Boom Bandits is a new, self-contained one-shot comic from writer and artist Bruno Stahl, that depicts a grim and gritty future where the elderly get to live forever in their huge city, whilst the young are forced to eke out a life in the ruins of the old world.
The book is chiefly about divides, how different generations and classes view the others, and how conflict between these groups is not only common but almost expected. The story isn’t so much as a thinly veiled allegory, but an out and out depiction of the conflict between Boomers and Millenials, and the book proudly shouts that throughout.
I’m sure even if you never pick up a tabloid paper, or visit their websites, you’ll be aware of the articles that proclaim Millenials are killing one industry or another, how their unwillingness to spend money that they don’t have is killing the diamond industry, or if they just went without their damn avocados they could afford a house that’s out of their budget. People from older generations, who are normally the ones responsible for the state of the economy, are very quick to blame the younger generations for the problems out of their control, and this sets these generations at odds; and this is precisely what Bruno Stahl seems to be trying to address here.
In Boom Bandits the Boomer generation have all of the comforts that they could ever want. They get pandered to in their entertainment, they get to live in luxury, and get to literally live forever; whilst the Millenials are left to sit in the ruins left behind by the Boomers and fight over what little they can find. But, as is often the case in oppressive regimes, eventually there comes a point where enough is enough, and this is what the book focuses on. There’s an event that sparks what can only be described as a revolution, and it seems pretty clear that this is in part Stahl venting his frustrations at being unable to challenge the inequalities in the real world, as most people probably feel.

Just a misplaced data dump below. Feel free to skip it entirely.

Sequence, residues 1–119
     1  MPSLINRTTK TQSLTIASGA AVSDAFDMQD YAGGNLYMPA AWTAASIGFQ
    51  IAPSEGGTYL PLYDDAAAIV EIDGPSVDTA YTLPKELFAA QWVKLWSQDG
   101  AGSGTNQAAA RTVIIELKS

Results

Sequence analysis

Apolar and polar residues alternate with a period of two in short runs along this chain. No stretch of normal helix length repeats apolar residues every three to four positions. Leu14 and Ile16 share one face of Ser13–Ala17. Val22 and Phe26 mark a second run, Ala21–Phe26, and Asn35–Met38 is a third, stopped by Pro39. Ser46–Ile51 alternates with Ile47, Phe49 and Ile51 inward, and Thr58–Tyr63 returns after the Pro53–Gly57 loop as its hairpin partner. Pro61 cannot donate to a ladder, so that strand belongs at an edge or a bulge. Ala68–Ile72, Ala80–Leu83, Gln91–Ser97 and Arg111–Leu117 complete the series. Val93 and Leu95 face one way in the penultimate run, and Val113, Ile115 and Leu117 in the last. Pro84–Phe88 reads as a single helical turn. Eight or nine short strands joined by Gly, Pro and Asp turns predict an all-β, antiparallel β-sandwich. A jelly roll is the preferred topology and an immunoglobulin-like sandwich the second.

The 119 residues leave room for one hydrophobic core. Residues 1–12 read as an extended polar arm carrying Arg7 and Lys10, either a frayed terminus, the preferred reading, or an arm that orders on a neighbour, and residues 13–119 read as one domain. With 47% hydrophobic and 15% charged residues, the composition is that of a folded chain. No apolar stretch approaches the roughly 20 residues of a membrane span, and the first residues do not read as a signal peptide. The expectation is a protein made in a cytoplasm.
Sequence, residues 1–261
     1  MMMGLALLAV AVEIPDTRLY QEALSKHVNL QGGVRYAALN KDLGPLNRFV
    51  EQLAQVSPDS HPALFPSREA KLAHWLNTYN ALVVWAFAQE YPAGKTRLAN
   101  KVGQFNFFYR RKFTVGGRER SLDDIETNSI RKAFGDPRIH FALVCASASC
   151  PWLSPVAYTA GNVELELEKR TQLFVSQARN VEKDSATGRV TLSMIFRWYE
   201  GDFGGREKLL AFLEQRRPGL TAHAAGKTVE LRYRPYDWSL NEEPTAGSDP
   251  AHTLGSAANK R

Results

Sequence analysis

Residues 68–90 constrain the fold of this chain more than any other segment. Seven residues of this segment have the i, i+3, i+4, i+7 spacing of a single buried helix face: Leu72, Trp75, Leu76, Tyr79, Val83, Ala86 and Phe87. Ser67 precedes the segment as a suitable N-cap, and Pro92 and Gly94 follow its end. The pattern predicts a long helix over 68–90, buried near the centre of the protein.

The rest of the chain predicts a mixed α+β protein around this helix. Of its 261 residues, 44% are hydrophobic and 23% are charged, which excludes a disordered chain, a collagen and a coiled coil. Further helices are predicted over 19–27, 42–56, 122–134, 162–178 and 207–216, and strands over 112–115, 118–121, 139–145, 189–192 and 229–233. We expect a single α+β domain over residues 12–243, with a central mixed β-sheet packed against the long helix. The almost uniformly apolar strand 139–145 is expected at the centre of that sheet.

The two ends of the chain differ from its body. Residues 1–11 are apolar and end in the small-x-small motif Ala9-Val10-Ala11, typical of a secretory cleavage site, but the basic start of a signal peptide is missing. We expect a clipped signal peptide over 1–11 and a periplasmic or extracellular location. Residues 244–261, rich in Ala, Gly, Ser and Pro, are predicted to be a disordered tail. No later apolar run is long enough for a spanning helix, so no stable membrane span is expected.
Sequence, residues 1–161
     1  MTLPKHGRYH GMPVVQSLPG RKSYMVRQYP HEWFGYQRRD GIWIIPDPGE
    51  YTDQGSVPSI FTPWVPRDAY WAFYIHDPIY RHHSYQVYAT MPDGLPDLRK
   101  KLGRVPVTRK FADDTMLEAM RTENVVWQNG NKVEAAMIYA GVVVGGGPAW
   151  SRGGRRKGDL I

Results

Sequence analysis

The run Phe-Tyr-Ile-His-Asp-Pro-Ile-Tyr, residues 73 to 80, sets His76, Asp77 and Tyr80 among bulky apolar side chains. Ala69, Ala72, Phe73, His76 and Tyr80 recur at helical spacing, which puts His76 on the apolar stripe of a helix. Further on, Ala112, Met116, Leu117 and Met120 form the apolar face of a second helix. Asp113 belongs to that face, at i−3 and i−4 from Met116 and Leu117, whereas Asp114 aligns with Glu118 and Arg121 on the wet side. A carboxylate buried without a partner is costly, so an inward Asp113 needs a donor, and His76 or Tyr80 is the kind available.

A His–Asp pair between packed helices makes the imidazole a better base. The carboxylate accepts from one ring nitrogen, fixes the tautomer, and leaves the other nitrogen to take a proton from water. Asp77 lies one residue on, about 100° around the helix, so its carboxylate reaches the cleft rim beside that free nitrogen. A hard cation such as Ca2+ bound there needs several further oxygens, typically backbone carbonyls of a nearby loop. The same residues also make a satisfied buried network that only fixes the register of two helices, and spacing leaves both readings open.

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One of the things that really jumped out at me about the book was the look and feel of it. Presented in black and white illustrations, the book reminded me a lot of 2000AD, and the grim and gritty comics they have produced over the years. Much like with 2000AD, Boom Bandits is heavy on the political commentary, and the similarity in art style really makes it feel like someone has just lifted a story from that book and presented it here – which is not a criticism in any way.
You can come to Boom Bandits without any knowledge of what the creator is commenting on and you’ll see an engaging story about one group of people fighting for their freedom and rights against another and you’ll probably enjoy it; but if you’re aware of the intentions you’ll get a little more out of it, and will see that it’s not just a fun one-off tale, but is trying to make a point on a generational divide that is often used to politicise and police people in the real world.
Boom Bandits is a strong comic, one that manages to be entertaining, engaging, and evocative. It has a bold and vivid art style that really complements the tone of the story, and provides the reader with plenty to look at as you scour through every panel looking for interesting things in the backgrounds. Not only would I recommend this book, I’m interested in seeing what the creator does next.